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Student musicians share cultures and celebrate histories

Their+instruments+rhythms+and+melodies+transcend+generations%2C+holding+culturally+rich+histories+in+the+strings+and+beats+of+their+instruments.+
Vidushi Upadhyay and David Zhu
Their instrument’s rhythms and melodies transcend generations, holding culturally rich histories in the strings and beats of their instruments.

From tabla to tambora, Lynbrook musicians hold different instruments close to their hearts. These rhythms or melodies transcend generations, holding culturally rich histories in the strings and beats of their instruments. 

Senior Abhinav Athreya hammers the outer rim of his tabla, then strikes its goatskin center for a perfectly tuned thrum. This instrument, a pair of drums, is largely associated with Hindustani music, a style of Indian classical music that has traveled down his family line, providing him with a sense of identity. 

Athreya learned tabla basics in third grade from his uncle who had played the instrument. Athreya enjoyed the various rhythmic aspects of the tabla so much that he continued his education by enrolling in formal classes in the same year.

“You wouldn’t think that there’s a lot of different sounds you can make with just two drums,” Athreya said. “But there are so many different ways to play; it’s very cool to me.” 

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Upon observing a vocal performance from his cousin, Athreya was inspired to follow a similar path and enrolled in Hindustani singing lessons shortly after. Although singing and percussion are sonically different, Athreya’s vocal abilities heavily influence his execution of the tabla. While accompanying vocalists at concerts, he uses his knowledge of singing and improvises with the flow and intonations of their vocals.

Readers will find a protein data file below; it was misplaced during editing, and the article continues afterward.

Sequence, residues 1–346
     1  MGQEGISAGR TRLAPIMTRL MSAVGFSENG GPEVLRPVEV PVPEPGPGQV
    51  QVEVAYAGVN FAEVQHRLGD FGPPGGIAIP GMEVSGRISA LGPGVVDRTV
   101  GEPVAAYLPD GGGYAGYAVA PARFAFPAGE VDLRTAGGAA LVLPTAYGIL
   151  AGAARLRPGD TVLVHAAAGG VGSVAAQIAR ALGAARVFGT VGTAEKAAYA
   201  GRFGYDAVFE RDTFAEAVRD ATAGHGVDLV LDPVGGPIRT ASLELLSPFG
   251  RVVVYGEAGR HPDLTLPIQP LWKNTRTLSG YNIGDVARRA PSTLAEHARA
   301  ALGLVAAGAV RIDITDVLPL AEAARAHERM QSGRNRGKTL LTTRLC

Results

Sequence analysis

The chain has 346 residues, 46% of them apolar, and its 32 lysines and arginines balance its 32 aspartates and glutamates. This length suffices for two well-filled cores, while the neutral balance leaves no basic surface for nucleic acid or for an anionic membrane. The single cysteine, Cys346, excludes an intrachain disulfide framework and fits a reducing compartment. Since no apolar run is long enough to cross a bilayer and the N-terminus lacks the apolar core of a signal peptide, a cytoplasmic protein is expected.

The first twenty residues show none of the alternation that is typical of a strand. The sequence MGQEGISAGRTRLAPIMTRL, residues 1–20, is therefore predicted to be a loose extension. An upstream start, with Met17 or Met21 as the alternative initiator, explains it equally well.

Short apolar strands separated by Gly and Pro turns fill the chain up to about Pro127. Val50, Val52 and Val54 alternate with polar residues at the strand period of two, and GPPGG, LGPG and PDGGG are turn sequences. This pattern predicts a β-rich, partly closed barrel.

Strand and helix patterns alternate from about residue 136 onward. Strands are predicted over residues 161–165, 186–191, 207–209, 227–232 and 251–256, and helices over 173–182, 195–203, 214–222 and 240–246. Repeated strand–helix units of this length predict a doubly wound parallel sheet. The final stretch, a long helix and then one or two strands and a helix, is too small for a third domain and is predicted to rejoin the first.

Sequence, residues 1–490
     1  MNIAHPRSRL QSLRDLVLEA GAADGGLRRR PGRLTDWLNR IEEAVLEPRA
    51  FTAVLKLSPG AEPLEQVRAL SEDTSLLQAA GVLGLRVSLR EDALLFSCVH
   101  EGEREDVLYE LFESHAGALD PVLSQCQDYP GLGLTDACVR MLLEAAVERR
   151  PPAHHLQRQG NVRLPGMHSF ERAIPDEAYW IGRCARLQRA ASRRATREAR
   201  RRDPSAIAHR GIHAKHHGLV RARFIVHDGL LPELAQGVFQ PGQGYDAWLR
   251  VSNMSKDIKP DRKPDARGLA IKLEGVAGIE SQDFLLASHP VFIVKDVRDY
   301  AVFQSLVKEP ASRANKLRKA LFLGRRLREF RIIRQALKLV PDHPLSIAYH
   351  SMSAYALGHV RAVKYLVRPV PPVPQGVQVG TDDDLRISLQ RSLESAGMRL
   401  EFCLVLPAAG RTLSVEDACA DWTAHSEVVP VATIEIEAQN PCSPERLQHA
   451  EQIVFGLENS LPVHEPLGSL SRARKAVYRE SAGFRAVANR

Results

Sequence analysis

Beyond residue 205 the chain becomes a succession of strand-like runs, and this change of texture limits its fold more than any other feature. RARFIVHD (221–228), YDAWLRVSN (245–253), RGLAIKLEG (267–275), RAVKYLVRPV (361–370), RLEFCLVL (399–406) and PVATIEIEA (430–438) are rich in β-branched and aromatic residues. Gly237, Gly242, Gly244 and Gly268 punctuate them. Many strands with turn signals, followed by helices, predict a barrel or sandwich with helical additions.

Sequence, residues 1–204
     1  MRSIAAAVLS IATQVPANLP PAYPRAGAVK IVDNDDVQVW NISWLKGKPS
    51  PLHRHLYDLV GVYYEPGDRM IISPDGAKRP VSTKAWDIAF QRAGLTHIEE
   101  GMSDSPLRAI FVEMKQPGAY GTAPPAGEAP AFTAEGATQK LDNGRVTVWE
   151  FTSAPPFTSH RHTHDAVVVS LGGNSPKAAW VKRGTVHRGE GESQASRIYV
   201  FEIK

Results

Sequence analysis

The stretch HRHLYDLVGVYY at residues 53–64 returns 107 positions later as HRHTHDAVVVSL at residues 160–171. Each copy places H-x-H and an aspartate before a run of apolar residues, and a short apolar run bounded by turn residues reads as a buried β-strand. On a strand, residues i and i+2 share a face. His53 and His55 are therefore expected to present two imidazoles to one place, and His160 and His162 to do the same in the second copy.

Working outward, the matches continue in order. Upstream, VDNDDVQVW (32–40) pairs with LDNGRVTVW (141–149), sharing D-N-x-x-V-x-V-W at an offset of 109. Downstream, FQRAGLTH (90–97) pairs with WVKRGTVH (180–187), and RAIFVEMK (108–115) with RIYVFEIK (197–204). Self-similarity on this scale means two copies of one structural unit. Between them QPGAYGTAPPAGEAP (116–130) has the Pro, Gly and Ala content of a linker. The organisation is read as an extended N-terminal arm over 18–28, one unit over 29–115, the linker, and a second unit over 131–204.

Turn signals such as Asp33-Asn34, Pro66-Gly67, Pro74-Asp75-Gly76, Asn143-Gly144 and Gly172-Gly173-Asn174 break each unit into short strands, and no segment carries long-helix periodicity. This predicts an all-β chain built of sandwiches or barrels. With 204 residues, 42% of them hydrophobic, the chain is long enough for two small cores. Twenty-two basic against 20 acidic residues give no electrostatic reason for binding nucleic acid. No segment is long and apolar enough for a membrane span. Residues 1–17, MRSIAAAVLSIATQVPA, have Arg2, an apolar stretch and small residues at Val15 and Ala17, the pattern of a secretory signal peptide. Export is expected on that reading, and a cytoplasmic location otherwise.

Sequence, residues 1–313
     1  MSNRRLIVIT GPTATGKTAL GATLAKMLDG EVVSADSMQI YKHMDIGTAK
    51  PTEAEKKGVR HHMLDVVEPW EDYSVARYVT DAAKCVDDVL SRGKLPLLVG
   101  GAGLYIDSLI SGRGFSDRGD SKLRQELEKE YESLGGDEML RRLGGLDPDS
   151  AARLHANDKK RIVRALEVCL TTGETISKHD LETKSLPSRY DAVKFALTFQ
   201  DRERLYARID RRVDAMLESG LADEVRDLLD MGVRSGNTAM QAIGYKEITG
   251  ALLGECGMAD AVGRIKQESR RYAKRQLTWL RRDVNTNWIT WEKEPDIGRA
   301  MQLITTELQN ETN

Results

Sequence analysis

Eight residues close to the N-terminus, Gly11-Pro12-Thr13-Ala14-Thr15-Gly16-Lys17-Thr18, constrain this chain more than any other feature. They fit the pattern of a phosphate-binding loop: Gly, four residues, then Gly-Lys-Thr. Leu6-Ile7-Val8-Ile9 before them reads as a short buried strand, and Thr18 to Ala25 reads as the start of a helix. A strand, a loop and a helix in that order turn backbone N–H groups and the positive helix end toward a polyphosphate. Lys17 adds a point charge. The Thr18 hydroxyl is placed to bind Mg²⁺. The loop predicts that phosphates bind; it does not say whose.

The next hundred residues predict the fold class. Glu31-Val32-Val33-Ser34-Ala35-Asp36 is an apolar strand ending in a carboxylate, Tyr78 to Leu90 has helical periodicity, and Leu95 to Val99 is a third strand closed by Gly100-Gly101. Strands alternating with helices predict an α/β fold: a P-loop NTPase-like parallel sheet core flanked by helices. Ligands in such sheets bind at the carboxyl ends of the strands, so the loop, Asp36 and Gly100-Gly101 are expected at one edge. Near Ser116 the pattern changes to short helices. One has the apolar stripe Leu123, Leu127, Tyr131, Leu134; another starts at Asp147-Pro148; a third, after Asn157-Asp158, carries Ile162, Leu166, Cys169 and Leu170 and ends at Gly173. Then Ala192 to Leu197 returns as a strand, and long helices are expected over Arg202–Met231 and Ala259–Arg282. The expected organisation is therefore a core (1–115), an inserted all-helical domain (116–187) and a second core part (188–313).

“When I’m accompanying someone, I think of how I would approach it through the lens of singing,” Athreya said. “There’s a lot of overlap between the two especially since they’re in a similar musical style.”

Athreya was able to apply his tabla skills in Miller Middle School percussion band and Lynbrook marching band, where his rhythmic calling led him through the different art forms of Western drums. He has continued playing the tabla even throughout his high school career, fostering a multifaceted passion for music.

However, these jumps weren’t as easy as he first expected. Due to the vastly different playing etiquettes and genres of music, learning the technique of tabla took some adjusting. Yet, Athreya remained hopeful. 

“I realized they’re both instruments so there’s going to be some overlap,” Athreya said. “This mindset made it both easier and more enjoyable for me.” 

Tabla is another way Athreya feels he embraces his Indian heritage, exploring the instruments of his ancestors and sharing musical spaces with fellow music enthusiasts at Hindustani classical concerts. Moreover, music has manifested itself into his daily life, whether he is listening to music recreationally or altering his listening experience in concerts. 

“A significant portion of my identity is influenced by being a musician,” Athreya said. “I like music a lot. I listen to music a lot. Whenever I attend a concert, I think of the music from the perspective of the artist rather than just as a member of the audience.“

Senior Peter Aguirre’s forté is the Colombian tambora, a drum used in folk music. Large and two-sided, they bear a striking resemblance to barrels due to their origins in salvaged rum barrels. 

Aguirre had previously learned string instruments like the ukulele and guitar, but first learned the tambora in 2016 before Carnaval San Francisco, a large Latin festival. While he was drawn to musical instruments as a way to connect with his culture, the first time he performed the tambora, he was replacing a musician out of the blue for a parade where various Latin American countries would display their cultural dances and music.  He connected with his culture in the San Antonio Bay Area, where there was a thriving Colombian community. His father taught him the instrument’s fundamentals quickly.

“It was a cool experience understanding rhythm for the first time because I had played under instruments but never percussion,” Aguirre said. 

He soon joined the band Drums of Colombia, where he played during concerts. Aguirre has gravitated to fast-paced rhymes and beats as they allow for more creativity and improvisation. He was particularly drawn to Mapalé, a dance style originating from fishermen and slaves to commemorate the end of a work day.